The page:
Grokking Android

Getting Down to the Nitty Gritty of Android Development

Surprising Statistics on Library Usage in Android Apps

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AppBrain published statistics on library usage on Android. This list of libraries is very interesting and to me quite surprising.

These stats are presented on three tabs: “Ad networks”, “Social SDKs” and “Development tools”. Here I care about development tools only.

For example the two most-used libraries are those of the leading analytics providers, Google and Flurry. No surprises here. But what is surprising, is that together they are used by less than 14 per cent of all apps. Why is this number so low? I would have guessed that most apps, that need an internet permission anyway, would also use one of these packages. After all, we are interested in usage patterns, aren’t we? How else should independent developers improve their app, since they do not have the means to conduct extensive and costly usability studies?

Even though only about 13.5 % of all apps available in the store use these packages, 36 % of all installed apps have this package on board. If you drill down into the data (by clicking on the library) you see, that more successful apps use analytics more often than others. Together both libraries are used in 60 % of the top apps. Quite a difference. Still I wonder why the developers of less successful apps do not care about these data. Maybe because for top-developers much more money is at stake?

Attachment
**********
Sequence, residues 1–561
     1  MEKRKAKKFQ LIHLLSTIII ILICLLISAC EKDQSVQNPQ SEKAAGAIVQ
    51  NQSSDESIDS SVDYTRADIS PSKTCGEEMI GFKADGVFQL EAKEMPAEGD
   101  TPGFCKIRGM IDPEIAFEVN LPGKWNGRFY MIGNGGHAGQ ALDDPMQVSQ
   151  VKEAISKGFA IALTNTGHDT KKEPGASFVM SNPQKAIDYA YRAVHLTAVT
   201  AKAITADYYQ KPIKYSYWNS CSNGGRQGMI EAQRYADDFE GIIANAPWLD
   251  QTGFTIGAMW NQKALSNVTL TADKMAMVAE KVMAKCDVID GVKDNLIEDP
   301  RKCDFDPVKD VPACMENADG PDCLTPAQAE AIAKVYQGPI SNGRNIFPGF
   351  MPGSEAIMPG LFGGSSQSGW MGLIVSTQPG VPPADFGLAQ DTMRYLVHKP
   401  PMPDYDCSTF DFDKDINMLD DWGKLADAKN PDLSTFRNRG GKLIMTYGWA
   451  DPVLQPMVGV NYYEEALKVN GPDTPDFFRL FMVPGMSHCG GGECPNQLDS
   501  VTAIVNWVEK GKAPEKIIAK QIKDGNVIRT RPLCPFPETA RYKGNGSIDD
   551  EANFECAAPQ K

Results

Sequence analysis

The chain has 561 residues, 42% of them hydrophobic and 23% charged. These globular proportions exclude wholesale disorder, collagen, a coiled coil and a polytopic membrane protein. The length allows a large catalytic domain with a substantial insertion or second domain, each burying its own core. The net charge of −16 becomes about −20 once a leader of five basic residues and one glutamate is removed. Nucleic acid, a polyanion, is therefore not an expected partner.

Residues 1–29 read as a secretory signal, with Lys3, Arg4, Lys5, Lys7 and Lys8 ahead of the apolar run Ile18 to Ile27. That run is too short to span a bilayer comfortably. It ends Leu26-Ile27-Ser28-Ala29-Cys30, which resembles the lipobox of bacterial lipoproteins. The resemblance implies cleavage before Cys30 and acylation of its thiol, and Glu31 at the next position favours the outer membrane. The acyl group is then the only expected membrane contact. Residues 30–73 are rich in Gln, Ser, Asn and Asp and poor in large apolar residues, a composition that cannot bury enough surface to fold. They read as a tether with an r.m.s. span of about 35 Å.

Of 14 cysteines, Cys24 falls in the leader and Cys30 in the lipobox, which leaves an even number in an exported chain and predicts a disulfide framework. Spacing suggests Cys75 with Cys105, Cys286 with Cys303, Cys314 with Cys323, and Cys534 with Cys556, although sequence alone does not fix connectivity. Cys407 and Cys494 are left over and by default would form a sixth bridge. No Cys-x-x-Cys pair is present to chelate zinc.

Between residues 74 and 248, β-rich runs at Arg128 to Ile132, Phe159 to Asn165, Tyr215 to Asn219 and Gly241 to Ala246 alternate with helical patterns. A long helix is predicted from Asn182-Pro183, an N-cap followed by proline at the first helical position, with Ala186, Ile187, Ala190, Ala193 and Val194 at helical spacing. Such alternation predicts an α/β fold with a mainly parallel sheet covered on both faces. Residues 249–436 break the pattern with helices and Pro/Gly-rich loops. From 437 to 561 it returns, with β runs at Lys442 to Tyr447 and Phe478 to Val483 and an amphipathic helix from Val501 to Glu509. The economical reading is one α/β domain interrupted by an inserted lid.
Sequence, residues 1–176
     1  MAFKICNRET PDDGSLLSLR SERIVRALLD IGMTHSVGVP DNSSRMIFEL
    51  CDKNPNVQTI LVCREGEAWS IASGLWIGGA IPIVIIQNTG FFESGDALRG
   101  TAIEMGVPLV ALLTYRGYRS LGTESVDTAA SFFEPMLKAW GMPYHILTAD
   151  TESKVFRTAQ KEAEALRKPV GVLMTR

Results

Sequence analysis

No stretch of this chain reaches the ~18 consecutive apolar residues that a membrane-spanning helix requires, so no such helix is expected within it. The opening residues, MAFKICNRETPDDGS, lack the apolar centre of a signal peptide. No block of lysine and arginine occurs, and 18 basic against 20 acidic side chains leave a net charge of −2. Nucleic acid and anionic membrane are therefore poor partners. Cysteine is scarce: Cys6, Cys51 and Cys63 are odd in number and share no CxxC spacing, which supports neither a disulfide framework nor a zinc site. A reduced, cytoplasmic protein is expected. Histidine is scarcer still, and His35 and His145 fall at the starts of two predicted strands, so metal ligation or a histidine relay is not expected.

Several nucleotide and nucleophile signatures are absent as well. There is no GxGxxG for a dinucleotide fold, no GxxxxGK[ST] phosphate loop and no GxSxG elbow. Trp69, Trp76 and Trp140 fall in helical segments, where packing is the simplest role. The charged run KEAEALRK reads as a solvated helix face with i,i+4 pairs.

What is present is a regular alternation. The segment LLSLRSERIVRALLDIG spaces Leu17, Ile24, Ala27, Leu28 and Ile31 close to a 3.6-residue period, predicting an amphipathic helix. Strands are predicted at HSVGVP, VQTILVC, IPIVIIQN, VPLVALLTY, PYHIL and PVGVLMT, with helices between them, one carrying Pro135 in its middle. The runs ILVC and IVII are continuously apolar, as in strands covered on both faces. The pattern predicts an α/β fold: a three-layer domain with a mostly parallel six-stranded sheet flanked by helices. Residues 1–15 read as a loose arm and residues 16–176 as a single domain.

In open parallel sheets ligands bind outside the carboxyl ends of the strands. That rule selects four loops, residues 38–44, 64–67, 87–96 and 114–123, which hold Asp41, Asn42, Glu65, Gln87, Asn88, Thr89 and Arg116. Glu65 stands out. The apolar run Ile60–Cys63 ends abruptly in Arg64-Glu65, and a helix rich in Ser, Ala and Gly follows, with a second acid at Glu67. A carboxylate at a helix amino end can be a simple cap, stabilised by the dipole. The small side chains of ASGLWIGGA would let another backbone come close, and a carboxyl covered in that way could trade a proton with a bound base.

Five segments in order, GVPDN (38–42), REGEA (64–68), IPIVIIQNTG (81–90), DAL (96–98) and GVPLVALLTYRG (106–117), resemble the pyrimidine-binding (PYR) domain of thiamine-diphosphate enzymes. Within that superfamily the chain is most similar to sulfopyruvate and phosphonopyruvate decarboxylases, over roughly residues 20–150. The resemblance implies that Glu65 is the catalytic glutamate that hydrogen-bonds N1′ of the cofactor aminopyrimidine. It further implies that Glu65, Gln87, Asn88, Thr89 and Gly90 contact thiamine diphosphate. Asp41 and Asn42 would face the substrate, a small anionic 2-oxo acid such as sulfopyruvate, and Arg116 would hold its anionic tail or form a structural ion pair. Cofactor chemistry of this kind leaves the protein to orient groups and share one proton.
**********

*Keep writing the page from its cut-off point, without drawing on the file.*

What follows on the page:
The third library in the list is the Android Support Library. Also no surprise here. But while 6 per cent use this library only a shockingly low 0.96 % also use ActionBarSherlock. Huh? Why is that? This is IMHO depressing – and, no, I have no affiliation with +Jake Wharton at all. But I think the actionbar pattern is very useful and should be part of most apps. And Android’s design guidelines think so as well:

The action bar is arguably the most important structural element of an Android app.

ActionBarSherlock is such a a great library to support this pattern on older versions of Android as well – so why not use it?

Another surprise is the near absence of gaming libraries. I could only spot libGDX, AndEngine and Unity3D which are used by roughly 1 per cent of all available apps each. With 6 % usage among installed apps it’s a bit better. But, come on! About 25 per cent of all installed apps are games. Why then are there not more gaming libraries in use? Do game developers love to write their own engines? Well probably. But nearly all of them?

The picture is quite different for the tab “Ad networks“. Admob is used by 33.49 % of all available apps and 46.99 % of all installed apps. Whow! That’s finally a number I am not surprised about. Well, perhaps that one network is that dominant. But that ad networks are used a lot, that’s no surprise. We see ads every day – and most of use make use of these networks as well.

But still: To me some of these stats simply make no sense. Maybe some of you can explain these numbers? Or are these numbers what you would have expected anyway?